To address the question of Leonard’s possible “apocryphal” memoirs, I would like to provide the preceding notes to my book which explain the memoir’s importance, and its limitations, for “Marie Antoinette’s Head.”
A NOTE ON SOURCES
Exaggeration and hyperbole always pose problems when constructing a biography, especially one that relies on centuries-old memoirs, letters, and secondhand accounts of events. Even government documents can be misleading when they are written in the midst of the type of regime and social change that took place during and after the French Revolution.
The literature on the Revolution is vast, but that which focuses on Marie Antoinette’s hairdresser, Léonard Autié, is somewhat limited. The amazing hairstyles were a big story in their day, with extensive coverage in the press, but little was written about the man behind these creations. Fortunately, Baron Lamothe-Langon published Léonard’s memoirs, “Souvenirs de Léonard, coiffeur de la reine Marie Antoinette,” eighteen years after his death in 1838. The ghostwriter purported that he used Léonard’s journals and notes to achieve the two-volume work, but his critics claimed that it was apocryphal, embellishing the hairdresser’s role in history.
Nevertheless, I relied heavily on Souvenirs de Léonard, using its timeline and cast of characters. But, keeping its critics in mind, I also extensively consulted the court memoirs and letters of Léonard’s contemporaries to investigate any doubtful claims and resolve any conflicts. Any discrepancies are duly noted in this biography. Unless otherwise noted in the endnotes, the dialogue retrieved from the Souvenirs de Léonard is unverifiable because the work itself has been deemed unreliable in its original form. However, all dialogue has been transcribed verbatim from original sources, and dialogue from any French sources has been diligently translated into English. All references have been cited with endnotes and a comprehensive bibliography.
Since 1838, only Louis Péricaud and Gustave Bord have revisited Léonard’s story in any detail, focusing on his theater venture and his role in the royal family’s affairs, respectively in 1908 and 1909. Although this book addresses the famous hairdresser’s life and is not intended to be a reference in French history, it does shed light on the trials and tribulations of the last Queen of France from another angle—that of her confidant and coveted hairdresser.
Truly honored to be among the books reviewed by Library Journal.
When Leonard Autie arrived in Paris during the summer of 1769, he brought with him a bundle of self-confidence and his “magic comb.” Determined to make his fortune as a hairdresser, Autie quickly found patrons among Parisian actresses and in the court of Louis XV. It was Autie who created “le pouf,” those massive and frivolous concoctions that towered above the foreheads of the privileged elite and contained ribbons, feathers, flowers, jewels, and, ultimately, even a model ship sailing on a sea of hair. Eventually, he became the stylist and confidant of the young Austrian dauphine, Marie Antoinette. As an intimate of the Versailles court, Autie was a witness to, and possibly a participant in, the chaos leading up to the execution of his most famous client. Based primarily on a two-volume memoir published after the hairdresser’s death in 1820, this entertaining read by Bashor (global issues, Franklin Univ.) dramatizes (there’s invented dialog) a fascinating period of French history. Enhanced by numerous archival images and supplementary materials, the book captures details of an extraordinary time and place.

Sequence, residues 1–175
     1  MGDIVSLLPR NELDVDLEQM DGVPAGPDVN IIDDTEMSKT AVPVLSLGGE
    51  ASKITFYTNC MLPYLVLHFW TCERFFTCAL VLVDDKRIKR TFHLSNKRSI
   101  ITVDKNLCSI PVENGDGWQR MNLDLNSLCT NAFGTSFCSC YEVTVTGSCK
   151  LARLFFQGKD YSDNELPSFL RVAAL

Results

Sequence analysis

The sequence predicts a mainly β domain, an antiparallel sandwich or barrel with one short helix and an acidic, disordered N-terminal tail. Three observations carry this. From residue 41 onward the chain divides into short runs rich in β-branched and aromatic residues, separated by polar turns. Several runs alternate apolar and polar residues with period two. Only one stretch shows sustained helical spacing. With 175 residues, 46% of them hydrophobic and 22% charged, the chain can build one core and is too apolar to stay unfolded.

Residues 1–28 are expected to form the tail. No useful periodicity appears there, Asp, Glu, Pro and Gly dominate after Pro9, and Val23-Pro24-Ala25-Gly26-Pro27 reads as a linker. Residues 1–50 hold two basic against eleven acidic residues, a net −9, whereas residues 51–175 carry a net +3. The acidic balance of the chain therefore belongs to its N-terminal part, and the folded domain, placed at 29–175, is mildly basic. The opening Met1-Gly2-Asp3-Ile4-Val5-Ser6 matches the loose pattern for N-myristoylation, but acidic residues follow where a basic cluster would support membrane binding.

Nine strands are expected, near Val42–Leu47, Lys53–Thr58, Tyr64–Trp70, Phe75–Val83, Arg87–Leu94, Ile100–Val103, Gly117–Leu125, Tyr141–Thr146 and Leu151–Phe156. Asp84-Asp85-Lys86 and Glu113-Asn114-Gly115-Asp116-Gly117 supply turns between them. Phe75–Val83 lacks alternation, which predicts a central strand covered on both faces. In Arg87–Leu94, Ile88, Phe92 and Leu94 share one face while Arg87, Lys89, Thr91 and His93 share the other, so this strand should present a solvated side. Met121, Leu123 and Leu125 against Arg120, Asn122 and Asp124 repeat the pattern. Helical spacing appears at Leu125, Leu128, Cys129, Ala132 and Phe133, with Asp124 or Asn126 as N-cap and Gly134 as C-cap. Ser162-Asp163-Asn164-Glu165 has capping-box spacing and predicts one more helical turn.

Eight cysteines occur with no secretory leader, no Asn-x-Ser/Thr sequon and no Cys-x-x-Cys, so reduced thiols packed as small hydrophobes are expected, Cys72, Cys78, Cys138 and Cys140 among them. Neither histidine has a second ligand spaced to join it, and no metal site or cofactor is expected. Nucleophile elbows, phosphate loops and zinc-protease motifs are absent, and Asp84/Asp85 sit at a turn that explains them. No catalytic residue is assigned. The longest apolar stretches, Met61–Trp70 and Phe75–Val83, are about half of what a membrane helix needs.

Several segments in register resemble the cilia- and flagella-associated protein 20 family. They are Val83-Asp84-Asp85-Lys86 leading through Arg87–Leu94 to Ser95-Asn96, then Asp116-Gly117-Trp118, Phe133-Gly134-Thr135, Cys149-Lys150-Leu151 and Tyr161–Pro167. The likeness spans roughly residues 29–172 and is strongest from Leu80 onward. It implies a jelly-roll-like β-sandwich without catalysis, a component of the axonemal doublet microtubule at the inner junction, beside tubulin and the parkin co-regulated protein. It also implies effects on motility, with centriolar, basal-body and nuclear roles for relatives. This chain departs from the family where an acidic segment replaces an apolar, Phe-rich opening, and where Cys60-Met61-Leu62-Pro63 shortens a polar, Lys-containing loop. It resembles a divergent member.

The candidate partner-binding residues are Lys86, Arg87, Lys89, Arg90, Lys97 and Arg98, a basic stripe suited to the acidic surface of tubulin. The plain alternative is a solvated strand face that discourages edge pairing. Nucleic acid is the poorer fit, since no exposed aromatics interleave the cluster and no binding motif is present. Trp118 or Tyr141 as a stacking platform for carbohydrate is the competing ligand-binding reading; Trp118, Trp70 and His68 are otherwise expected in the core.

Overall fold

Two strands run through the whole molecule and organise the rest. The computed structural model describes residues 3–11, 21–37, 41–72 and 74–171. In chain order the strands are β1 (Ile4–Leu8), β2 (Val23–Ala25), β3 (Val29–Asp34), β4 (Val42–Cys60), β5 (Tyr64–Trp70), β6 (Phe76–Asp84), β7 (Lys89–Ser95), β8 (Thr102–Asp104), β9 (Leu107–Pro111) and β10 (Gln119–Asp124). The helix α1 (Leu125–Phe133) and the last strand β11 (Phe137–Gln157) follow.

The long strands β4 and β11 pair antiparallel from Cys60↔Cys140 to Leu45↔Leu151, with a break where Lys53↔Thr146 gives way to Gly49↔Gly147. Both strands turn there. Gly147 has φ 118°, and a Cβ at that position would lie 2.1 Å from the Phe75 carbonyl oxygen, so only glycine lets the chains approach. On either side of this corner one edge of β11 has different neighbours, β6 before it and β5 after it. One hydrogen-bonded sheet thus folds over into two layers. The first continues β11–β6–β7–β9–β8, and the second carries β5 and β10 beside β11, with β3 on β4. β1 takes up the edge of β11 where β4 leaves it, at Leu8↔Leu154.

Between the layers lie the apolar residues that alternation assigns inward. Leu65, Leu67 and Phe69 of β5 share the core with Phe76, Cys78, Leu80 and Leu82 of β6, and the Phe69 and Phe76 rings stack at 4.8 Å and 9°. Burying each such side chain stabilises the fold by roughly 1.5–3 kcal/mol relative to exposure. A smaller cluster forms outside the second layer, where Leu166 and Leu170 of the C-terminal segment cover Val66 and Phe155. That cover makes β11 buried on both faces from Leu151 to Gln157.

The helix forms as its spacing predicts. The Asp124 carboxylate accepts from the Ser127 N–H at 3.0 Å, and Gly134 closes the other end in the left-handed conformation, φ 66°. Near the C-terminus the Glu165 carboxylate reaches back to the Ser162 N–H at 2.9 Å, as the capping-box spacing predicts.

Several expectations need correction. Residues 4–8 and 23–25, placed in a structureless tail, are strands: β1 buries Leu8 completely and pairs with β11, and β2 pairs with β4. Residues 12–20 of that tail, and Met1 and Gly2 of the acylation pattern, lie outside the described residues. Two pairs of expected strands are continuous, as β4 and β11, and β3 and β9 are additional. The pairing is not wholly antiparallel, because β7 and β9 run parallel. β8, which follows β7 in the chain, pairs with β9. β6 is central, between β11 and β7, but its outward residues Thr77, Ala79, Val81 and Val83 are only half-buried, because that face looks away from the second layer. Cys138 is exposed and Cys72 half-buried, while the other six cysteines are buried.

VERDICT An engaging, albeit embellished, narrative of a celebrity hairstylist, circa 1789. Biography buffs and lovers of historical fiction will enjoy this work, but it’s not for specialists.-Linda Frederiksen, -Washington State Univ. Lib., Vancouver Kopenawa, Davi & Bruce Albert.
The eighteenth-century French court’s rococo hairstyles—if such a word can even be applied to the elaborate confections—are the stuff of legend. Will Bashor’s Marie Antoinette’s Head: The Royal Hairdresser, the Queen, and the Revolution certainly gives you plenty of bang for your buck in that regard: thirty-pound wigs, mouse-infested coiffures, and the occasional miniature naval battle all make appearances. But it is also a scholarly history not merely of the vagaries and politics of Versailles court fashion, but the rise and fall of Léonard Autié, a man of modest background who rose to become hairdresser to the queen, and whose fortunes were inexplicably tied to that of the doomed monarchy. —S.O.S.
MARIE ANTOINETTE’S HEAD: The Royal Hairdresser, the Queen, and the Revolution
Killer reviews from Amazon and Amazon.uk from Top 10 and Top 500 Reviewers!
“This enjoyable and informative biography looks at the life of Leonard Autie, the celebrated and famous hairdresser, who personally cared for the locks of Queen Marie Antoinette. Just when you thought that you had read every possible volume about Marie Antoinette and the French Revolution, this entertaining book comes along – which focuses on a minor player in events, but nevertheless one who found himself in the very heart of the action…”